Don’t cross the line when suggesting retirement or questioning employees about their retirement plans.
Employers often suggest ideas to or question an employee about his or her retirement plans to actually save the employee from being involuntary terminated. For example, a common scenario may be a long-term employee over the age of 40 who is facing involuntary termination because he or she is not performing up to the company’s expectations or is employed in a position that has been targeted for elimination as part of a reduction-in-force (RIF). Involuntarily terminating an employee over the age of 40 can lead to age discrimination (http://tinyurl.com/pmups) claims, so employers may attempt to convince an employee to voluntarily retire as a way to avoid an age discrimination lawsuit. The bottom line, however, is that employers may end up defending an age discrimination lawsuit as a result of repeatedly suggesting or questioning an employee about his or her retirement plans, as a recent federal court case instructs.
In Goodpaster v. Materials Handling Equip. Corp., a 59-year-old heavy-machinery salesman was terminated as part of an RIF. The federal court in Indiana held the employee could proceed with his Age Discrimination in Employment Act claims based on management's persistent questions about his retirement. The court held that while an employer's suggestion of retirement alone is not typically sufficient to prove age discrimination, “repeated and coercive inquiries” can be sufficient evidence of age bias. In this case, the employee alleged that management began questioning him about his retirement in August 2007 and continued to question him, despite his complaints about the retirement questions, until his termination in August 2008. The retirement questions were ongoing and the court held a jury could conclude that the employer consistently — and improperly — tried to coerce the employee into an early retirement due to age bias.
In short, the circumstances involving an employee’s termination and the frequency of the retirement suggestions or questioning about an employee’s retirement plans must be carefully reviewed to avoid “crossing the line” and thereby creating evidence of age discrimination. Accordingly, it is strongly recommended that any discussions about retirement with an employee be carefully reviewed by a human resources professional or legal counsel to avoid creating evidence of possible age bias.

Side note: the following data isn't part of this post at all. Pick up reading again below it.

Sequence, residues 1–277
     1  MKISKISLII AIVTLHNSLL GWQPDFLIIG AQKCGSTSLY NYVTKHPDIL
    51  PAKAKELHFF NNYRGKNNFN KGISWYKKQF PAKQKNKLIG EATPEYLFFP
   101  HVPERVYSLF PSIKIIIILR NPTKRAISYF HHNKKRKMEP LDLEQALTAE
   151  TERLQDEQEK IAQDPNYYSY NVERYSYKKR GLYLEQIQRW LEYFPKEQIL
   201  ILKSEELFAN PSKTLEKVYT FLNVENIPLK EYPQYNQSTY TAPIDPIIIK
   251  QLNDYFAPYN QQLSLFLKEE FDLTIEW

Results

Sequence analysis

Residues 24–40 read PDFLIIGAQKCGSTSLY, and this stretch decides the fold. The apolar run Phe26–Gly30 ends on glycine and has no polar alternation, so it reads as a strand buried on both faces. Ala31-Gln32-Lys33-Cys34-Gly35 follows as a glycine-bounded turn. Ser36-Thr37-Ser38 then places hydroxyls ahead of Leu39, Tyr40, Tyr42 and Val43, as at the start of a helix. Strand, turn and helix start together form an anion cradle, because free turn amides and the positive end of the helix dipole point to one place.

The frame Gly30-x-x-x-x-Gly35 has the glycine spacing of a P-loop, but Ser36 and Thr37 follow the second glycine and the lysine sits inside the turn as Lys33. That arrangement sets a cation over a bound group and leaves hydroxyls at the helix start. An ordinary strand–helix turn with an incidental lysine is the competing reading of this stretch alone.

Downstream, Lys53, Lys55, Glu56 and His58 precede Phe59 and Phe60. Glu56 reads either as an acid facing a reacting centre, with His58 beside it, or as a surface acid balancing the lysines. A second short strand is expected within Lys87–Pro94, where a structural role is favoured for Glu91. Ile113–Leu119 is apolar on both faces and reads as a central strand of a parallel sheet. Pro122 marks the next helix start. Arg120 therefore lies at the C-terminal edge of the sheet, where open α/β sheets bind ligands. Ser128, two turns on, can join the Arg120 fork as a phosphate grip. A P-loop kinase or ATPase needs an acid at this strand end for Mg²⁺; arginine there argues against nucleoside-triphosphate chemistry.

Cutting the Risks for and Appropriately Responding to Workplace Violence: Part I
By Raymond Carey
Employers generally recognize they have a legal obligation to provide their employees with a safe environment in which to work. For many employers, this simply means minimizing employees’ exposure to serious risk of injury or death due to work-related processes, machinery, and other operational causes. However, the legal obligation to provide employees with a safe work environment also includes minimizing the potential that they will be the victims of workplace violence. This goal can be achieved by preparing and using effective policies, practices, and procedures.
The Risk of Workplace Violence Is Real
Twenty percent of all violent crime in the United States occurs in the workplace. An estimated 1.7 million employees are injured each year because of workplace assaults. A recent U.S. Department of Labor (http://www.dol.gov/) survey of employers with 1,000 or more workers disclosed that more than 50 percent reported at least one incident of workplace violence during the preceding 12-month period. One out of three employees feels he or she has been bullied on the job. In other words, no employer is immune from the prospect of workplace violence.
Causes of Workplace Violence
An employee may unexpectedly develop a propensity to engage in workplace violence because of a myriad of issues related to work, family, financial adversity, or other pressures. For example, the discipline or discharge of an employee and how he or she is — or perceives — being treated by coworkers and management may precipitate violent behavior.
Potential Precursors to Workplace Violence
Employers can minimize the prospect of workplace violence if coworkers and managers identify, acknowledge, and respond appropriately to behavior that may be a precursor to workplace violence, such as:
How should an employer effectively create incentives for coworkers and managers to timely and appropriately address behaviors that may lead to violence in the workplace? As will be discussed in a later issue on this topic, an employer must have effective policies, practices, and procedures regarding acceptable workplace behavior, situations that pose potential for workplace violence, and how to deal with an instance of workplace violence.